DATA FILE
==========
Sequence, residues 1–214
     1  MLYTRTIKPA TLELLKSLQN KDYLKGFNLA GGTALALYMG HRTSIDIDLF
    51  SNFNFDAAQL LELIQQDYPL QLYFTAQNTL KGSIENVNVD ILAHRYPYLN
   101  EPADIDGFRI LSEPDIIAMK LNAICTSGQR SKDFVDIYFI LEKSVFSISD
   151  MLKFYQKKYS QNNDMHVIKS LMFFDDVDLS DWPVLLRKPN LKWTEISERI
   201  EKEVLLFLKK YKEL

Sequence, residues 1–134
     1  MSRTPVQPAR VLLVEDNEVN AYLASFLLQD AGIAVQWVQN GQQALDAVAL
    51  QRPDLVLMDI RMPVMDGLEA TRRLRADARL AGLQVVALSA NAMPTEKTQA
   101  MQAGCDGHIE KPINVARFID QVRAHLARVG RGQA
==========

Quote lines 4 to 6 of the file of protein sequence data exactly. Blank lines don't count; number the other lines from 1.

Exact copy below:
   101  EPADIDGFRI LSEPDIIAMK LNAICTSGQR SKDFVDIYFI LEKSVFSISD
   151  MLKFYQKKYS QNNDMHVIKS LMFFDDVDLS DWPVLLRKPN LKWTEISERI
   201  EKEVLLFLKK YKEL